Thursday, May 03, 2012

You and the overused word: A major problem of historic proportions

Do you have a thesaurus (or a link to one) handy? Better send it up to the state house in Albany, where the strategy of announcing many of the governor's initiatives as "historic" has come under the lens of the New York Times. And the idea that the adjective bears repeating is taking a beating. Of the governor's penchant for apparently historic moves, the Times wrote:
On his fifth day in office, he challenged lawmakers to “write a new page in the history book of New York State government,” and his administration has done just that more than 80 times, judging by the number of press releases issued by his office that described one of the governor’s actions as historic.
You know you're in trouble when they pull out all the press releases and start searching for word usage, and in this case, the Times found the term in releases, presentations, verbal remarks and more. Want to stay out of that historic trap of major proportions? Typically, the trouble includes these factors:
  • The repetitive term's a distraction: "There's that word again," wrote a reporter live-blogging a statehouse news conference. Just like too many ums or overuse of words like "actually" in public speaking, overusing a favorite messaging word means that at some point, close observers will start counting how many times you use it--and at that point, they're not listening to or reading you.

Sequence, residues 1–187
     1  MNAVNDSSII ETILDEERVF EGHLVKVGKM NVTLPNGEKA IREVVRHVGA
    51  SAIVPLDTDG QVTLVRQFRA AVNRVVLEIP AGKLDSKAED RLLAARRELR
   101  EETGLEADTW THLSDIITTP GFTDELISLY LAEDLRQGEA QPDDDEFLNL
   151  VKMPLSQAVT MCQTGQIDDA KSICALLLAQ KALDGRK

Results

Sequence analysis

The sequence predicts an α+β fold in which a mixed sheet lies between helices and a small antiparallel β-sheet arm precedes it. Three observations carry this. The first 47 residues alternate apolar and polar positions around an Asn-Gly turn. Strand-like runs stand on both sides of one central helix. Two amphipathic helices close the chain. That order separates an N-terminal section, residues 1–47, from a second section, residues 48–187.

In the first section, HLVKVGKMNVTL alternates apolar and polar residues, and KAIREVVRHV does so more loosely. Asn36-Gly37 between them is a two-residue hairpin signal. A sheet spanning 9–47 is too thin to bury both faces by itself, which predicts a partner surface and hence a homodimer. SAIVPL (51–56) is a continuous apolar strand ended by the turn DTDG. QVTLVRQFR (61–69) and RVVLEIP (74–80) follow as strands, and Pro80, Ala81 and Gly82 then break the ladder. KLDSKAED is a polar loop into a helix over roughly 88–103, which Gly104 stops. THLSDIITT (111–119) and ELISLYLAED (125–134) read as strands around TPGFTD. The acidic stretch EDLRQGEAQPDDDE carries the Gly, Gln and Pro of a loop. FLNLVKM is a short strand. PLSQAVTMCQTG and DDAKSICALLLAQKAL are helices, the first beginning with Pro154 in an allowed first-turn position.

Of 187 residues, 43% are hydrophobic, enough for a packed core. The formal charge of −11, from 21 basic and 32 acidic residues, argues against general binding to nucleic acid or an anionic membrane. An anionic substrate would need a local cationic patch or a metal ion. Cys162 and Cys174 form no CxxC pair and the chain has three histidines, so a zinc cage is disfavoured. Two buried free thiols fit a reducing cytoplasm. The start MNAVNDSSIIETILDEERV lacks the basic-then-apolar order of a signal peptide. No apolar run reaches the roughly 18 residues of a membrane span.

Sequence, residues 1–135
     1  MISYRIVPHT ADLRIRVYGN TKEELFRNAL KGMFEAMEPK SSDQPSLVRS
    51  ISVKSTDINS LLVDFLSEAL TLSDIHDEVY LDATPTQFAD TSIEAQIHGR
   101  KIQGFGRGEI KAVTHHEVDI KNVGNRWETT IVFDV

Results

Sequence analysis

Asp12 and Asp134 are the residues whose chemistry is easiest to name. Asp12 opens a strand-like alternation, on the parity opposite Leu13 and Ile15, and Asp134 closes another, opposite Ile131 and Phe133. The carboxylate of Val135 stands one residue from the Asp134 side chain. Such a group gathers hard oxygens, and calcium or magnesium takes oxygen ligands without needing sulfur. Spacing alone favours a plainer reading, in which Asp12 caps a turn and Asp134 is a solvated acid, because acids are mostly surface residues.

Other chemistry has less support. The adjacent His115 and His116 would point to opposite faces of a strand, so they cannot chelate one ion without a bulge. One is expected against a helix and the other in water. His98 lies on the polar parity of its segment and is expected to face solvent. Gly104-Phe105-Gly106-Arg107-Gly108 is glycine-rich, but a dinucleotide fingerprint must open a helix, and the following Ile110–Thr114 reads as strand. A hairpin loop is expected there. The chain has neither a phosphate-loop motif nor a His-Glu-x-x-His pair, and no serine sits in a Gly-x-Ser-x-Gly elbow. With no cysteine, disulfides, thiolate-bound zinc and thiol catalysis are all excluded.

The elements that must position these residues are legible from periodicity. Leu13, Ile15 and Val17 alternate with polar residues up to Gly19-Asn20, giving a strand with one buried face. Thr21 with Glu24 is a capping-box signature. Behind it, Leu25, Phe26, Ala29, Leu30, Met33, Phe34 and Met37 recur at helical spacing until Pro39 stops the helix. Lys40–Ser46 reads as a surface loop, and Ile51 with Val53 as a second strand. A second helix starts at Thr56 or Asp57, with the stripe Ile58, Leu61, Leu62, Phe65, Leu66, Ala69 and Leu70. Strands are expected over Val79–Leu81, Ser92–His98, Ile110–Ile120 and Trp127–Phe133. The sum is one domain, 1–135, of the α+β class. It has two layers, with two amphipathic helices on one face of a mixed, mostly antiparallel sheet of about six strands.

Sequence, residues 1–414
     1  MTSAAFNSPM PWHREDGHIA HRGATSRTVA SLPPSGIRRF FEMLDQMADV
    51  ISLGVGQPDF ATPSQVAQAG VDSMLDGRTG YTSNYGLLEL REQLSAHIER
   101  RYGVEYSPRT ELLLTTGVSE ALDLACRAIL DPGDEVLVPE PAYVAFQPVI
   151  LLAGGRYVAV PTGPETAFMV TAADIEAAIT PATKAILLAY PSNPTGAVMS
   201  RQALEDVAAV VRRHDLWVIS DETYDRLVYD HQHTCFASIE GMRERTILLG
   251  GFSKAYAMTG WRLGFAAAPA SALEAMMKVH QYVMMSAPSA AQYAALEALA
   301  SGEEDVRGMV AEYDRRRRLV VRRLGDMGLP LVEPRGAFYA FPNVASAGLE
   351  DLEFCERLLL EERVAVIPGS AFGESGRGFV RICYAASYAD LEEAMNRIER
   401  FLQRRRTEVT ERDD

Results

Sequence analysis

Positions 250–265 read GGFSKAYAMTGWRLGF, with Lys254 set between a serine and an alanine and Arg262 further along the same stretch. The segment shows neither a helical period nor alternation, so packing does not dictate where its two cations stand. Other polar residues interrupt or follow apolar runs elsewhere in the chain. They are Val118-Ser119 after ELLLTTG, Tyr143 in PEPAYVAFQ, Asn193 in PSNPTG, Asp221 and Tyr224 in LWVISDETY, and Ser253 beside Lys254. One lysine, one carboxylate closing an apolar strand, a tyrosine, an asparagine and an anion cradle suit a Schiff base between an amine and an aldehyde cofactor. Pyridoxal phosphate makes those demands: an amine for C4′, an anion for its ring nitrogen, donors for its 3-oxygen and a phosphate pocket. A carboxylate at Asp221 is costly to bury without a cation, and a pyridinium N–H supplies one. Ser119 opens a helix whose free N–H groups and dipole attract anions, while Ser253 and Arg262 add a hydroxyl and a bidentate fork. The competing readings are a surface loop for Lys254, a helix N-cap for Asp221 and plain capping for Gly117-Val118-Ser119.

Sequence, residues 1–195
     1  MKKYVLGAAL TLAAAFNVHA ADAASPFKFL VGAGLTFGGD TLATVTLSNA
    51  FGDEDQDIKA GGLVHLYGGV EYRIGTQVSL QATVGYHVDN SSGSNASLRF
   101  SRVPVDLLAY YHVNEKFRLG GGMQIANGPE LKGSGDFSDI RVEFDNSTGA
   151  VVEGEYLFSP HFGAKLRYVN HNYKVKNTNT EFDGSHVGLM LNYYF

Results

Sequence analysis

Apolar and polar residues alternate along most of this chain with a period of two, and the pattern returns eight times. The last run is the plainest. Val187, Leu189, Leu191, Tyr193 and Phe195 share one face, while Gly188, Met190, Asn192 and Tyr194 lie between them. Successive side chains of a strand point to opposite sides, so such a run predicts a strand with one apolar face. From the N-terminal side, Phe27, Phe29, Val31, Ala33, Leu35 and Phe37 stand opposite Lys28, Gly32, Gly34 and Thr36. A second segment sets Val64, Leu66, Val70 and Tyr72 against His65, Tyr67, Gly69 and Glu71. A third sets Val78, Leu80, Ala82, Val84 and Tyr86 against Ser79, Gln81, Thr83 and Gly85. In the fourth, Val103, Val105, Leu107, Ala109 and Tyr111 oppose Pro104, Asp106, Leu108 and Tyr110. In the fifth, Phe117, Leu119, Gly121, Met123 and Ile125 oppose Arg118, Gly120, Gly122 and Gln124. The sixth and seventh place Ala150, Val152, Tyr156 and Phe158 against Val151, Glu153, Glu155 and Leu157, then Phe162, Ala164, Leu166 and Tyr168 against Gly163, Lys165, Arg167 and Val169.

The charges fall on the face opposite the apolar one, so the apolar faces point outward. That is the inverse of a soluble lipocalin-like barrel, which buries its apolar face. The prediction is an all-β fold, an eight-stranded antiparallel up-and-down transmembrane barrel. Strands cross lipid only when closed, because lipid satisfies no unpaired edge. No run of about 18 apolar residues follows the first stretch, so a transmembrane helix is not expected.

• All those internal rationales don't fly outside your office: I can hear someone saying "But it really is historic!" even now. Despite that, it's not an argument that will hold water beyond your close circles. Just think of all the historians out there to whom you've given the chance to write op-eds explaining exactly why your initiative isn't historic.
  • Everything can't have the same status: As the Times points out, not all of the initiatives smack of historic proportions, and if all your programs are historic, all your grants are major, all your students are above average and all the food is safe, you're removing what makes them special and attention-getting by giving them the same status.
  • This happens a lot with adjectives and adverbs: If you're going to keep a sharp editor's eye on something, adjectives and adverbs are usually the culprits in tempting.  You can nip this in the writing bud by insisting on more concrete nouns and active verbs to describe your products, programs and people.
  • Alternatives do exist: Repeat after me: But first, do a word search on your documents to see what your most overused words are, and keep a list of them posted as a warning. At a major foundation I worked for, we actually banned the word "major" from descriptors of our grants for a while, and you may need a similar no-fly list.

1 comment:

Joe Bonner said...

Wordle or another word cloud generator would be great for this.